Advice to Management

    Profitability can be a very good thing, but not at the expense of a vast majority of your employees' happiness. You will be losing a large number of your best employees this year and next due to the fact that upper management is not willing to make a compromise.


  9. This place is a cult.

    • Work/Life Balance
    • Career Opportunities
    • Comp & Benefits
    • Senior Management
    Former Employee - CAD Drafter in Charlotte, NC
    Former Employee - CAD Drafter in Charlotte, NC
    Doesn't Recommend
    No opinion of CEO

    Pros

    When I started, KHA still had a good reputation in the industry for the quality of work. Sadly that was on its way out as I left. There was still a good mix or project types and great national clients. The benefits package (excluding pay) were average for the industry.

    Cons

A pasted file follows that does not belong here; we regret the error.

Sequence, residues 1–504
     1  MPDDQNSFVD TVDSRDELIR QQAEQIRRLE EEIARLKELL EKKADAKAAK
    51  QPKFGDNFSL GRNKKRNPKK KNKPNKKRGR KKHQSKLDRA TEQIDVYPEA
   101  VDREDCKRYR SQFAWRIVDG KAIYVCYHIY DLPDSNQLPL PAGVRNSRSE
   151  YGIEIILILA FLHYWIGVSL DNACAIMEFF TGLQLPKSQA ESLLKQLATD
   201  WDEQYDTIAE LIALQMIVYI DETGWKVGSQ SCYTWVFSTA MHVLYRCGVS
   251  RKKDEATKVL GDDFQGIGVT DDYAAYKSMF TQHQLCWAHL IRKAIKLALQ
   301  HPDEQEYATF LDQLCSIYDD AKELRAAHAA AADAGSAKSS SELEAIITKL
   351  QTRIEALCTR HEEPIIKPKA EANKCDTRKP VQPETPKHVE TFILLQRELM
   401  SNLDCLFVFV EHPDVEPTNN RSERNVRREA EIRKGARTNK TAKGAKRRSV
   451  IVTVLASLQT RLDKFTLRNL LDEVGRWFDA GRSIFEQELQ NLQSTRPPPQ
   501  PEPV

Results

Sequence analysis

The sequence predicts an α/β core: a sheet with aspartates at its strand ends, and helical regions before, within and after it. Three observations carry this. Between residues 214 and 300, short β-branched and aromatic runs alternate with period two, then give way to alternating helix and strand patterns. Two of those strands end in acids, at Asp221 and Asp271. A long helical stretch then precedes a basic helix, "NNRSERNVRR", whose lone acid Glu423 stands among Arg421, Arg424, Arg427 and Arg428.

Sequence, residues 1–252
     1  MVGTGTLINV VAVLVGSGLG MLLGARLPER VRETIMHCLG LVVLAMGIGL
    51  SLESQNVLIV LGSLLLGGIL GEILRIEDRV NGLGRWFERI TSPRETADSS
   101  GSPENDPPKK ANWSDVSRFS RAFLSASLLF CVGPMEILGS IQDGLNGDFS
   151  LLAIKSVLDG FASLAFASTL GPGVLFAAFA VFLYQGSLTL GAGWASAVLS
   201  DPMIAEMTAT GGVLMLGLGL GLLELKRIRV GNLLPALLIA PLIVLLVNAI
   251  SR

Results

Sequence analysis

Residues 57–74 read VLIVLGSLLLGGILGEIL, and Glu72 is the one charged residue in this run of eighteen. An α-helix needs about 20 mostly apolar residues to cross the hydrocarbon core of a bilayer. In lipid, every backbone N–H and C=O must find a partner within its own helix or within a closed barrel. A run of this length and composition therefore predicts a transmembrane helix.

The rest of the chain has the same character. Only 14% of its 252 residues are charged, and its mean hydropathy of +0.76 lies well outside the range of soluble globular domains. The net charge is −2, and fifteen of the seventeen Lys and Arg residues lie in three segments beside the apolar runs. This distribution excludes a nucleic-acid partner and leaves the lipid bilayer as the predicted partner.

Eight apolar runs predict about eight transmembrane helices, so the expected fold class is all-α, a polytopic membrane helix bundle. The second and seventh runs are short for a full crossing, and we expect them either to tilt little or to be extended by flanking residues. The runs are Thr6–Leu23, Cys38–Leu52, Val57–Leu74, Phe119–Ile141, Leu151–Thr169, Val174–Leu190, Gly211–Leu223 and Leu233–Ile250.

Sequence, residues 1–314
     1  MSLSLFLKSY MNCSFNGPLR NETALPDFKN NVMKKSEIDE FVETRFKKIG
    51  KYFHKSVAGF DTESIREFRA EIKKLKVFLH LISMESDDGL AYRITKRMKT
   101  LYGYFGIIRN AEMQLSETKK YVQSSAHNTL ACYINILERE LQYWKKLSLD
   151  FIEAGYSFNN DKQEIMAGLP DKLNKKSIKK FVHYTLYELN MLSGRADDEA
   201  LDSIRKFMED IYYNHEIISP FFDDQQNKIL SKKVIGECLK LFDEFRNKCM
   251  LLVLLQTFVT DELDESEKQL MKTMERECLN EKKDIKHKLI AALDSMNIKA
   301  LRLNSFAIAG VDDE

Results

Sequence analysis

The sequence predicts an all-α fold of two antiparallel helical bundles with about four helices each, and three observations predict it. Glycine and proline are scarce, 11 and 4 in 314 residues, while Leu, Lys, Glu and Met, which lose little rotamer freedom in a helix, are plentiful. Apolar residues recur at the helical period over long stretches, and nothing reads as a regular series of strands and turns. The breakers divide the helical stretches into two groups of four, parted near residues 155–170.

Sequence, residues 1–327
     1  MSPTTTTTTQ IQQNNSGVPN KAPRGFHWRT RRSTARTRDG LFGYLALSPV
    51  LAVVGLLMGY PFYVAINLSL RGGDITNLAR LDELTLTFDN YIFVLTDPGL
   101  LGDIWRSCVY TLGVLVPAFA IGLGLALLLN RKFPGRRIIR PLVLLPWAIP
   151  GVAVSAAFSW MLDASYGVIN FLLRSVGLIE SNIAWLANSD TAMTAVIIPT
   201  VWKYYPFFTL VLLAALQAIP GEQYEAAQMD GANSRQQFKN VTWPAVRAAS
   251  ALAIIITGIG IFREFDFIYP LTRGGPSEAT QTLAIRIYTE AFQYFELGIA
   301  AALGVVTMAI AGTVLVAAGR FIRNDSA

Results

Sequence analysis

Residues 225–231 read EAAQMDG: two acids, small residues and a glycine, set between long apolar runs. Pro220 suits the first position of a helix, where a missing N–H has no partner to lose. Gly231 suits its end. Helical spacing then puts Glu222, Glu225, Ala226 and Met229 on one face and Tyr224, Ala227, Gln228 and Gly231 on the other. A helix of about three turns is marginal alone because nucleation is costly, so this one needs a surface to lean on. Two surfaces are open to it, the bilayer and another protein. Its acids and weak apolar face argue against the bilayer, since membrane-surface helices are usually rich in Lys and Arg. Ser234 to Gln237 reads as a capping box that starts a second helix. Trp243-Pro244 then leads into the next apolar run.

Hard work and conscience will get you used and abused, brown-nosing will get you promoted. I was in high demand from project managers for my knowledge, ability and work ethic and received great bonuses from them (spot and annual bonuses). When review time came around though, the folks who drank, partied and played poker with the higher ups got the promotions and perks while those of us who worked hard but didn't socialize at work were railroaded. The pay itself was low by industry standards. If not for my performance based bonuses, my pay would have been totally unacceptable. KHA learned to hire kids straight out of school b/c those of us with experience didn't buy the lies we were fed. We were routinely told how good we had it there b/c most other firms did not provide benefits or that the lower pay rates were b/c KHA didn't layoff like other firms do in hard times (bet they quit telling that one in the last few years). The office I was in grew so rapidly that we were hiring employees for whom we didn't have work. The existing employees were asked to "shift" to other offices so new employees could stay busy. Newhires fresh from school were often assigned projects with little or no supervision or direction. This was one of the main reasons the company's reputation dropped so quickly. The local management's role was often mostly damage control b/c they failed to provide good leadership. As stated in other reviews, UT is king at KHA. Although production level employees cannot go out and gain work, we were the ones to pay the price by being held to a UT goal despite there not being enough work available to meet the goal. One manager there told me when I expressed concerns about the staff growing and the workload not growing that it was not my job to worry about such things as people far smarter than I were running things and knew what they were doing. He must not have been one of them as he was relieved of duty and shown the door. A good 2/3 of the staff has since been let go.